AMI President's Message 2024

Saturday 6th January 2024

Sitting in the study at Montessori’s house on Koninginneweg, all is calm and serene, as I set course for this New Year’s message.

On the desk lie Maria Montessori’s 1929 London course notes, meticulously documented by her student, Ruby Woodford.

Recorded in the same year that Montessori founded AMI, its vintage 95-year-old pages represent a meticulous record of her rigorous pedagogical formation under the Dottoressa. This entry, on the educator’s power and responsibilities, is revealing: 

“Dr Montessori has a different idea of these powers. First we must consider: how can we intervene without damaging the child? The butterfly does not break open the chrysalis of its young. We must be restrained. Every help and intervention which is useless brings about an arrest of development. We must not undo. Every individual must grow for himself. The child must carry out this difficult, serious work of growth by himself: the work of becoming an adult. “The child is father of the man” (underlined in the original, italics added).

Montessori used this last italicised sentence, originally penned by William Wordsworth, widely in her writings, as can be evidenced in The Absorbent Mind, The Secret of Childhood, What You Should Know about Your Child, Education and Peace, and The Child, Society and the World. This expression, evidently a mantra for Montessori, reflects the key importance of childhood experiences to directing the path of later adult life. 
In this warmly lit room, full of family portraits and memorabilia, with the snow falling gently outside, it is easy to slip into a cozy, but false, sense of nostalgia. Many children and families are separated right now, destroyed by conflict, dislocated by natural disasters or displaced by the fast-burn phenomenon of global warming. Amidst violence and chaos, uncertainty and unheimlichkeit abound. People simply do not feel at home, or don’t even have a home.
How might we as AMI respond? Montessori herself was a lifelong advocate for peace, rights and justice. Last year, inspired by this, I suggested, “If you want peace, prepare the child”. If the child truly is the father of the man*, then we must take seriously the preparation of children. Violence, hatred, injustice and abuse are perpetrated by unprepared children, who go on to become ill-prepared adults. Instead of radiating grace, courtesy and respect, their credo is force.
How can we intervene without damaging the child or adult? There are intentional and well-prepared environments in recognised Montessori schools, but these require prepared adults, who have the formational possibilities to unlearn unhelpful ways and re-learn how best to serve the child. We are excited to share some breaking news on these fronts. 
First, AMI has received a grant to pilot our Emergency Response Initiative for children living in desperate circumstances. We are actively exploring our contribution to the Alliance for Child Protection in Humanitarian Action and hope to use our highly trained educators and global network to help. The promotion of Community Rooted Education (CoRE) in distressed communities can empower adults, especially women, living in challenging situations to help themselves as well as children. This is consistent with our social mission.  Secondly, if we wish to continue preparing adults to prepare children and other adults, we rely critically on capacity. Another grant provides invaluable support as AMI strengthens our capacity with an eye on sustainability. Long-running projects such as Global School Accreditation can now be finalised, as we look to our centenary and beyond.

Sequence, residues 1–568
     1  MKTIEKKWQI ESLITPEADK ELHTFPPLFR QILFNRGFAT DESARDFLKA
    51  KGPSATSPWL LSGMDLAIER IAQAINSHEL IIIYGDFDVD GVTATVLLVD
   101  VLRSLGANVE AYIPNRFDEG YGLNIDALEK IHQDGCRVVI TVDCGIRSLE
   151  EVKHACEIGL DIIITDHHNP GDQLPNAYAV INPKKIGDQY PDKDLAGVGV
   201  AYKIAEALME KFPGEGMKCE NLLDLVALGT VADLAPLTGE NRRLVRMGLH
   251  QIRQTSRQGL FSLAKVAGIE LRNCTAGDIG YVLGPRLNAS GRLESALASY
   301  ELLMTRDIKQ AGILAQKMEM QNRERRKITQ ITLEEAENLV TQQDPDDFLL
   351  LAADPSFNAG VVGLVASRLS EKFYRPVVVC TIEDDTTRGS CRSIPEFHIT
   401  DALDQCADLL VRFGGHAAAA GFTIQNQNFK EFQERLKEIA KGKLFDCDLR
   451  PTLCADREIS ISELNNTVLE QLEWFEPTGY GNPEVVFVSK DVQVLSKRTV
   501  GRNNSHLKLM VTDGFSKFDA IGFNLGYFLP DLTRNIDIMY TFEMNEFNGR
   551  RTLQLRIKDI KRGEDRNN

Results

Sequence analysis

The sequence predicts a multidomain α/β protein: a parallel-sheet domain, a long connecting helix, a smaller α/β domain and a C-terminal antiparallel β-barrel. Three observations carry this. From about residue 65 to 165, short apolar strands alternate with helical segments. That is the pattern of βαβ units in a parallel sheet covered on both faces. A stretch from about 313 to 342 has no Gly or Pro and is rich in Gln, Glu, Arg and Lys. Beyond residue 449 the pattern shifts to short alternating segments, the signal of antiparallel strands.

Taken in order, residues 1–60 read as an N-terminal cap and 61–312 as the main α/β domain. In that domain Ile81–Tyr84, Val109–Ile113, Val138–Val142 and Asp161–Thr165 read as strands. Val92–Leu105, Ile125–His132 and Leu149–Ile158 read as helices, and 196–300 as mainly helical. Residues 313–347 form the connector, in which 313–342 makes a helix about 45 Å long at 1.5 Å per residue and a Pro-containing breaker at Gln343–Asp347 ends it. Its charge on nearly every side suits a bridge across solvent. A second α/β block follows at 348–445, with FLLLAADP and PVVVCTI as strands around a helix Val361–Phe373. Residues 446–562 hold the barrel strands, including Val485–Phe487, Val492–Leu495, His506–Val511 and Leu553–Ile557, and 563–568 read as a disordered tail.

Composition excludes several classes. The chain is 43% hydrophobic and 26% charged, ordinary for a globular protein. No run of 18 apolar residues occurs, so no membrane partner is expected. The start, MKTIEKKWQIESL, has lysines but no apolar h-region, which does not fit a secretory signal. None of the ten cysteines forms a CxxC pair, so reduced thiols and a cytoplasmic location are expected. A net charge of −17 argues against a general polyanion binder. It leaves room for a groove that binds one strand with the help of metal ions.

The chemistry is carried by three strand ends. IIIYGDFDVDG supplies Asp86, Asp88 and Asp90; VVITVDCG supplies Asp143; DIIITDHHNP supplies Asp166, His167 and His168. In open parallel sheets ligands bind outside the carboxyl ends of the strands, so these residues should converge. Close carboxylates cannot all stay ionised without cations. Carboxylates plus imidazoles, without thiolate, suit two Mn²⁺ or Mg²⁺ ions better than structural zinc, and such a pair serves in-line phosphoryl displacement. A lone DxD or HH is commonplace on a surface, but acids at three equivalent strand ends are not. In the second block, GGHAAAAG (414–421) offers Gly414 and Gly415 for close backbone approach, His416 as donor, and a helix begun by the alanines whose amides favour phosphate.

Finally, how might we unlock, and not arrest, development? If we want peace, prepare the child, appropriately. If we want justice, likewise. No poverty, zero hunger, good health and well-being, quality education, gender equality or any other SDGs? Ditto. The pivotal words prepare appropriately can only arise from wholesome values shared by prepared adults, committed to promoting the independence of each precious and unique human life. If anything, the lifecycle of a butterfly reveals that life is vulnerable, in need of care, beautiful in its unfolding fullness and always fragile. Let us treasure the gift of life, and work together to sustain it, in a more peaceful, caring and enduring world.

On behalf of our Board and the entire AMI family, I wish you peace, love and understanding.

Alain Tschudin
Association Montessori Internationale

* Editorial Note
Maria Montessori studied and pioneered her revolutionary approach to education in a male dominated world, a world in which recognition of female achievement did not come easily. Being trained in the traditions of academia, Montessori naturally adopted the language that was customary in her fields of research. In her time gender-fair language was not on the agenda: male words were often used to denote the universal concept; Montessori would use the Italian il bambino—the male child to refer to all children. The same observation can be made for her use of man (l’Uomo), men and humankind, by which words she of course refers to all human beings: the human individual as representing the species, the human race without reference to gender.

AMI President, Alain Tschudin, sitting at desk in Maria Montessori's study